Everything uses the internet today…and we do mean everything. Even traditional telephone lines have become archaic in modern communication technology as they are unable to carry the amounts of data needed to communicate with today’s quality standards.
One of the more exciting advancements is that voice calling (called VOIP) is now available for businesses and residential use alike. VOIP service providers have become affordable and reliable for homes and businesses to get high quality, crisp and clean voice calling without adding new wiring or costing an arm and a leg.
It’s pretty simple to grasp how VOIP works, but if you’re not much of a “tech-y” person, we will break down what digital voice calling does, how it works, and why it’s better for you.
What is VOIP Phone Service?
First, VOIP stands for Voice over Internet Protocol and it is a way for a phone to use your digital internet connection to conduct voice calls instead of the typical phone wiring. It basically means that your phones will use your internet connection and wiring to make voice calls.
VOIP gives you a crisp and clean sound quality that you’ll have to hear to believe. Also, the system gives you so many more features like call forwarding, voice mail, and enhanced security that can be easily added to your line through your account dashboard online while things like call waiting usually come standard with Voice over Internet Protocol.
How Does VOIP work?
VOIP calling uses “packet switching” technology rather than “circuit switching.” VOIP works by capturing your voice via a microphone and converting it into digital data.
The data packets are then transmitted over the internet using Internet Protocol (IP), which is just a format that is more easily transmitted and understood by digital devices. On the other end, the data is reassembled back into audio for the person to hear on the other end of the phone. This all happens lightning fast.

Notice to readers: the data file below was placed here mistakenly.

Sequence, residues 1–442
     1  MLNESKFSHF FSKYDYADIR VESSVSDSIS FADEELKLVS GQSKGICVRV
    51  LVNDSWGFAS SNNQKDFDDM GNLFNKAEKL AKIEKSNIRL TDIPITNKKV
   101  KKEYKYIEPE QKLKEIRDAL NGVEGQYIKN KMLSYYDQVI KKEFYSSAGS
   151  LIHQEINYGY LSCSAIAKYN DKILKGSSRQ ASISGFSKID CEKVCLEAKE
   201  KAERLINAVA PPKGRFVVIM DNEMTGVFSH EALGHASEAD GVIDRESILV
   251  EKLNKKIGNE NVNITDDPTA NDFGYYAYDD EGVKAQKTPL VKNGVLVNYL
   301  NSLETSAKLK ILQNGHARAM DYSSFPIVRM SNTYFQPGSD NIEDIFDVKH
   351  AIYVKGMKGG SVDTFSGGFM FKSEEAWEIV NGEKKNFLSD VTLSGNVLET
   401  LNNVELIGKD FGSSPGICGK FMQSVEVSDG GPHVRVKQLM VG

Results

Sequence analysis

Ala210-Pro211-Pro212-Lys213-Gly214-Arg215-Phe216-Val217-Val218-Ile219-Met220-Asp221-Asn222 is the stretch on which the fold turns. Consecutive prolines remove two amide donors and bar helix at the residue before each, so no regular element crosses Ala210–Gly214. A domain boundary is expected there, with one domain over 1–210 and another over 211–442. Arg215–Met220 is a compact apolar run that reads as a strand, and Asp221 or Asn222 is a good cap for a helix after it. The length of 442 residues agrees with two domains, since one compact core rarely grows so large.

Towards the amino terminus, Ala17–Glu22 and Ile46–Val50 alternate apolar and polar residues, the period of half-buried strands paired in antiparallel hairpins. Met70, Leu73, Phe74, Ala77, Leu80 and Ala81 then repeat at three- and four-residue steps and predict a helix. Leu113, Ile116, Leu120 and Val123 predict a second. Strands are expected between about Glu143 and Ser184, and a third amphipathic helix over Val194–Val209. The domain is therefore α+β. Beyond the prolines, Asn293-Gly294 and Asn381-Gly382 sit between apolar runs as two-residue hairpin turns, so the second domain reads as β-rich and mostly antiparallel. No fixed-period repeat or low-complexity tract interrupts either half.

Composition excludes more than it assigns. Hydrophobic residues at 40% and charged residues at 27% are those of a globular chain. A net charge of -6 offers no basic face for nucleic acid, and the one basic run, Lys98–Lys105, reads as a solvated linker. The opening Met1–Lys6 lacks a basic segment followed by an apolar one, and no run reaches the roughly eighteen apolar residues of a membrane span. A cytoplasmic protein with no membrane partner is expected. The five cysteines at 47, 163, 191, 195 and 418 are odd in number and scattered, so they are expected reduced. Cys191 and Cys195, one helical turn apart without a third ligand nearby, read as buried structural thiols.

Older phones use circuit-switching technology instead of packet-switching. Circuit switching technology is now over 100 years old. It still works and is reliable, however, it is not the most cost-efficient and the quality is no longer the best.
What makes VOIP calls better?
There are several factors that make VOIP superior to traditional landlines. Here are a few examples…
Your internet cabling can carry much more information at a faster rate, so the call quality is better and more features are available. Not only is the signal clearer, but it is louder and background noise can be suppressed so you can hear who you are talking to instead of the noisy TV on in the background.
We can do so much more with digital today than we ever could with analog phone lines. Yes, there are some features that overlap like call waiting and caller ID, but the features available on a VOIP digital phone system are more numerous and powerful.
VOIP allows you to make calls from multiple devices like laptops, smartphones, or tablets using your phone number and also offers the ability to add multiple numbers and digital voice mailboxes easily. Voice over Internet Protocol phone services also offer standard features, such as call forwarding, voicemail, and caller ID, which may be included at no extra cost.